The decision also means that builders will not be able to pursue inflated quantum meruit claims, where rights to payment have not yet been accrued, in the event a contract is terminated by an owner by reason of the builder’s own repudiatory contract.
Where the builder has accrued rights, the right of recovery, for example, for any stage of the contract completed by the time of termination, was for the amount due under the contract upon completion of that stage and any damages for breach of contract. Quantum meruit is not available at all. In respect of any uncompleted stage of the contract, where there are no accrued rights, the remedy of quantum meruit damages is available and the builder may recover restitution for work and labour done and materials supplied but the amount so recoverable will not be able to exceed a fair value calculated in accordance with the contract price or the appropriate part of the contract price. There can be no retrospective pricing of unprofitable building contracts by builders.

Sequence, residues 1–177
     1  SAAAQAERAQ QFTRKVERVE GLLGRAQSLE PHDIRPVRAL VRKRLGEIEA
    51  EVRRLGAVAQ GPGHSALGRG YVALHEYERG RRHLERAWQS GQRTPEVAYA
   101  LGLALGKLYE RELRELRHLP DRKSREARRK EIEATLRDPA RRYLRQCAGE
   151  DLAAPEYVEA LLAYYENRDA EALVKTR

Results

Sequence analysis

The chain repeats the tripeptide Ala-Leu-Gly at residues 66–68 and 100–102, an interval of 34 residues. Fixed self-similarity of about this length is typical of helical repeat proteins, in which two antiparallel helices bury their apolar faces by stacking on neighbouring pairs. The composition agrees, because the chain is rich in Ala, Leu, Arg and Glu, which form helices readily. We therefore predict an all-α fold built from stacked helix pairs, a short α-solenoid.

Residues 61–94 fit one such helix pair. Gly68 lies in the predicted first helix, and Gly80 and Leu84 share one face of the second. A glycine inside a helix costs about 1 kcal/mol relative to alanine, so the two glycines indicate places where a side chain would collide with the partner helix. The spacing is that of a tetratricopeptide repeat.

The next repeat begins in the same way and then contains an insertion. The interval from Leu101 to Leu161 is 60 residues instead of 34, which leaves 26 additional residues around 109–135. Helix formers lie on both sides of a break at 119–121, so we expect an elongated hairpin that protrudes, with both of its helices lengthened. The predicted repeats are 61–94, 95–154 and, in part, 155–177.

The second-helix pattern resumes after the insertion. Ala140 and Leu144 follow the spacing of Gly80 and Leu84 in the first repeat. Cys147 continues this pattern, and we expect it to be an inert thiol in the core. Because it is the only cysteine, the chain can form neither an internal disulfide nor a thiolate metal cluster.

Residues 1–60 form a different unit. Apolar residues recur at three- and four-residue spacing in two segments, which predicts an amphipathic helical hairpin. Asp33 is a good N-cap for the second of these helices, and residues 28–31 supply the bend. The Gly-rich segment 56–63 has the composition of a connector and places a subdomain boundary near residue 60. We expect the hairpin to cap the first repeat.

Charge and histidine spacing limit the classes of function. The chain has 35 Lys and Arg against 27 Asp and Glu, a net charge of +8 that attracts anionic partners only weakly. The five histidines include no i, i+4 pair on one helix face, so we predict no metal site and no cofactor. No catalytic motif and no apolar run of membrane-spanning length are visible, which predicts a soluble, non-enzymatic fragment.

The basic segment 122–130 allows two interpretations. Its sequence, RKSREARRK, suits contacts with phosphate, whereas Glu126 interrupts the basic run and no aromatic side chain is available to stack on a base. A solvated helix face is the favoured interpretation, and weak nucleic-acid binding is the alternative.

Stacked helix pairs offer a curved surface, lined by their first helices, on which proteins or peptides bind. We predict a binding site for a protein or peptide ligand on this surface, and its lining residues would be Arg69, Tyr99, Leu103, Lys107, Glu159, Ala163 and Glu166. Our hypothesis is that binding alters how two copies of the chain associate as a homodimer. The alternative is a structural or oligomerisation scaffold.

As usual, the golden rule arising from the High Court’s decision is that builders and owners need to seek qualified and experienced legal advice when considering terminating or repudiating building contracts.
This article is intended only to provide a summary of the subject matter covered. It does not purport to be comprehensive or to render legal advice. No reader should act on the basis of any matter contained in this article without first obtaining specific professional advice.
DISCLAIMER: We accept no responsibility for any action taken after reading this article. It is intended as a guide only and is not a substitute for the expert legal advice you can get from De Marco Lawyers and other relevant experts.